Tuesday, August 26, 2014

Cigar Review: Romeo y Julieta Short Churchill (TAL OCT-13)


My main man TBone asked Catfish and I to review this well known robusto and provide our thoughts on the smoke. I informed him that I was not the largest fan of the smoke, but I would give it the respect and go into the review with an open mind. I am here today to share those thoughts and who knows, I will either get TBone's approval or some hate mail. Summing that all up, and skipping my usual long introductions, let's take a look at the Romeo y Julieta Short Churchill.

In 2006 Habanos S.A. announced the Short Churchills. It was the follow up "Churchill" release to the brand and it was the first regular production robusto ever for the brand. There was a robusto used as a limited editions in 2001 and a robusto selection crafted in 2003, but nothing consistent and regular until 2006. The Habano features the classic Romeo brand, and also featured the secondary gold band that says Short Churchill. Since its conception the Habano has been offered in three count tubo packages, ten count boxes and 25 count boxes. I have probably been smoking the Habano since its conception and have worked my way through many ten count boxes. The Habano is made from tobacco that hails from Vuelta Abajo and production is coming out of La Corona  and the H. Upmann Factory. The Short Churchill measures 124 mm (4.9") and has a 50 ring gauge. The Habano features a beautiful triple cap and has a great Colorado coloring that is fairly dark. There are few veins present on the wrapper and it has an aroma of rich Asian spices, soft cedar and oak notes, musty tobacco and some cherries as well.

The first third open up by showing some solid tobacco and oak notes. I am picking up some strong Asian spice qualities with that, and it is followed by this soft coffee bean flavor. There are some very soft cherry/stone fruit notes with the smoke as well but they are not as present as they are in other vitolas in the brand. The construction is decent with the smoke, a majority of the smoke is smoking even, but I have an area of the wrapper that is burning a little bit slower than the rest which is making it a pain in the rear end. I corrected it a couple of times, but it continued to pop up. The ash has that dark charcoal coloring, typical for a Romeo, and it holds on fairly well. In terms of body and strength, I would say the body is around a medium to medium full level and the strength is right there as well. So far, a smooth smoke that is fairly enjoyable and tasty.

When I get into the second third of the smoke I find that a majority of the flavors are fairly consistent with the first third and it is producing some nice tobacco and Asian spice notes. I am getting that wooden flavor as well, and it is more oaky in this third rather than smoking with some cedar notes on top of that. The coffee bean flavors are present on the finish and they are accompanied by some dark cherry notes that are a little bit stronger than the first third. The construction continues to smoke at a similar level to the first third and it has a little bit of an uneven burn, if you look at the total area with the small uneven area, and it has that darker charcoal ash holding on well as it did with the first third. The draw is fairly tight, something I like, and the smoke production is at a decent level. The strength and body smoke at a medium full level in this third and to me it is a classic Romeo y Julieta strength and body level.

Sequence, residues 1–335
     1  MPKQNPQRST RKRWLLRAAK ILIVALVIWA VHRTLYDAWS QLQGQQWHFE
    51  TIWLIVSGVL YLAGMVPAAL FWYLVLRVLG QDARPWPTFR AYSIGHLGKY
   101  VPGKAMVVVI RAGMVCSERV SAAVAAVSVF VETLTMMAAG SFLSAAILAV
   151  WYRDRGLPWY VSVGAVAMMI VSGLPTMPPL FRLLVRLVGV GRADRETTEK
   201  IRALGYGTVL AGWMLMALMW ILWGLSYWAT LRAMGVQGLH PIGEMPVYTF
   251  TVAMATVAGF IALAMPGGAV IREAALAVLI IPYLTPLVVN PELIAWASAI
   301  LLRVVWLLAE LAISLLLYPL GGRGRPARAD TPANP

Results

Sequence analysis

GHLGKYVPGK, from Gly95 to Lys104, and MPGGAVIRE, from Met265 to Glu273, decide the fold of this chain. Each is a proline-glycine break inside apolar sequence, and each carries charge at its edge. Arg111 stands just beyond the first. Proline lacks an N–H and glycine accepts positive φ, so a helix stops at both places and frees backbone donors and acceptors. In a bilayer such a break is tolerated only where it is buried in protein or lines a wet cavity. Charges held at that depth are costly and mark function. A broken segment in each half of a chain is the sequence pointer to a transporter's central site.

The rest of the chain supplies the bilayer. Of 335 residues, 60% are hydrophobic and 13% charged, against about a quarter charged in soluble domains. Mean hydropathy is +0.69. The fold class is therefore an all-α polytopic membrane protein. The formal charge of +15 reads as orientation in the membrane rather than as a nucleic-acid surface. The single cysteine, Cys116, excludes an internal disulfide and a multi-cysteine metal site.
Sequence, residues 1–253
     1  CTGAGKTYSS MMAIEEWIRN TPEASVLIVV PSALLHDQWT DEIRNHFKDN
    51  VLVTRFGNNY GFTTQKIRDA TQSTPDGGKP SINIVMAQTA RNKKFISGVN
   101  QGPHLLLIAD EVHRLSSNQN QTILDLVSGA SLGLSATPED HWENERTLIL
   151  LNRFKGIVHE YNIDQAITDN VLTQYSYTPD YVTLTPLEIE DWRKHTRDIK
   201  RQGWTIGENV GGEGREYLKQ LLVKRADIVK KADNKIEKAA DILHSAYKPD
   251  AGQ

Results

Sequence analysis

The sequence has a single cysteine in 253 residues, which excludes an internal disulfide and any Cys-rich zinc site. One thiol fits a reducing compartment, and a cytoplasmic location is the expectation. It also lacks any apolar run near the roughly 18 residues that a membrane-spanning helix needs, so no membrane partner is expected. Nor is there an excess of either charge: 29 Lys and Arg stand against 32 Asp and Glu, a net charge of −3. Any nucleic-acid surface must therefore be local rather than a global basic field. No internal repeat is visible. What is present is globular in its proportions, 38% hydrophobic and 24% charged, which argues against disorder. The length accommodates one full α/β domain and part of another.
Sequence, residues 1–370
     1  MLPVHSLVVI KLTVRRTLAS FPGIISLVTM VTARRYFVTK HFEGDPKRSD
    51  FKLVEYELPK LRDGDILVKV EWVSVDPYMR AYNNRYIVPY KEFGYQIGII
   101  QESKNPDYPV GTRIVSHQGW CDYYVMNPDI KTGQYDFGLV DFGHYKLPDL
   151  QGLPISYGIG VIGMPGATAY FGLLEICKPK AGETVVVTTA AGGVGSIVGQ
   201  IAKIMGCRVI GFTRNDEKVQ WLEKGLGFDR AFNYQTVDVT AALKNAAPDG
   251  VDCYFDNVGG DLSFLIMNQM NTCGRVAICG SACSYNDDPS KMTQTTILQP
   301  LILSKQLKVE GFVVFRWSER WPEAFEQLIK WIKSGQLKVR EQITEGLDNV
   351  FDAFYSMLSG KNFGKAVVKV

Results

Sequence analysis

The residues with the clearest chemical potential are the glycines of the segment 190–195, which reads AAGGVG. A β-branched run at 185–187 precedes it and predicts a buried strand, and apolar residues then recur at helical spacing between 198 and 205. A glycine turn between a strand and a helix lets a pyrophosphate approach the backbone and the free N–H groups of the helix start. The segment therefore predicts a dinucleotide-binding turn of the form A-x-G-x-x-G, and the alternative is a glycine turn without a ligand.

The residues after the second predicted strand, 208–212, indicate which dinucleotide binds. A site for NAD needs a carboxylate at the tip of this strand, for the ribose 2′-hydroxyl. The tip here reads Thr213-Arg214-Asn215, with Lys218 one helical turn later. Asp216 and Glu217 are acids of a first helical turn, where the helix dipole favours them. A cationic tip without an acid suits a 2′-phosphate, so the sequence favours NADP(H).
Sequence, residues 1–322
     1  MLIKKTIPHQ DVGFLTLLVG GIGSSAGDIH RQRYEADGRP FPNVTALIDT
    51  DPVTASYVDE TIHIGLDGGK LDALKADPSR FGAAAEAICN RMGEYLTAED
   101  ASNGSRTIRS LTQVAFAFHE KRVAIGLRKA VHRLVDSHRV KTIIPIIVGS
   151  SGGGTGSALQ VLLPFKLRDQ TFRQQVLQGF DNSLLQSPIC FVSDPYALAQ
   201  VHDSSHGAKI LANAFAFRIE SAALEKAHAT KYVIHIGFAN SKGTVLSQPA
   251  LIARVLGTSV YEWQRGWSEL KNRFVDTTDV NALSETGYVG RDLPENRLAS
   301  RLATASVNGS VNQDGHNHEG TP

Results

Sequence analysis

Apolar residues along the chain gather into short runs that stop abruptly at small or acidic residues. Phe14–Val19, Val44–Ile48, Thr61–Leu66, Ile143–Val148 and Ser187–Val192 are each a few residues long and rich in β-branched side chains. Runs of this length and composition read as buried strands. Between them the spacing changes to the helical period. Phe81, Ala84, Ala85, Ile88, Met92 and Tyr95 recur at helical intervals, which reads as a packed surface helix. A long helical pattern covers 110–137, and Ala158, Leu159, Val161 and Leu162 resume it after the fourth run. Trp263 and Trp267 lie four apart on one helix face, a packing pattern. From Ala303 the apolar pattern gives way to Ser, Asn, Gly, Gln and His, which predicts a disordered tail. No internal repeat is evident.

I am in the final third of the cigar now and as the second third showed, the spice and oak notes are very prominent and it is showing those Asian spice flavors on top of some dryer oak notes making for a strong summer flavor profile. The coffee bean and cherry notes remain soft on the finish and it adds for a nice bit of complexity overall to the blend. The finishing flavors are fairly consistent with the blend from the beginning, and while they are not overly complex, they are fairly entertaining. In terms of construction, the smoke gets a lot better in the final third and it is showing an even burn line now with a firm charcoal ash on the end of the smoke. The draw is still perfect on the stick and it is a cool smoking experience. The final body and strength are at that medium full level from before and it provides for a nice finish that makes it easy to smoke another one directly afterwards.

The Short Churchill is a solid robusto and a nice offering from Habanos. I think it was a smart addition to the brand and it probably did a lot for the brand from 2006 to 2010. I think the Wide Churchill is probably grabbing the attention know, along with the Petit Churchill. Is this my cup of tea? No, it is not and it probably never will be. I have smoked aged one and young ones, and for some reason the flavor profile in the robusto does not speak to me as other Romeo smokes do. I think the Churchill is great, especially with age, and the Wide Churchill is a nice addition as well. The stone fruit and cherry notes seem to be less in this smoke and I think those are the flavors that really make the brand. I often find this Habano to have a more natural flavor profile and focus more on wood, spices and tobacco. I would probably give this Habano a 91-93 with age, but right now I am going to have to give it a rating between 89 and 91.

Young Rating: 89-91
With Age Rating: 91-93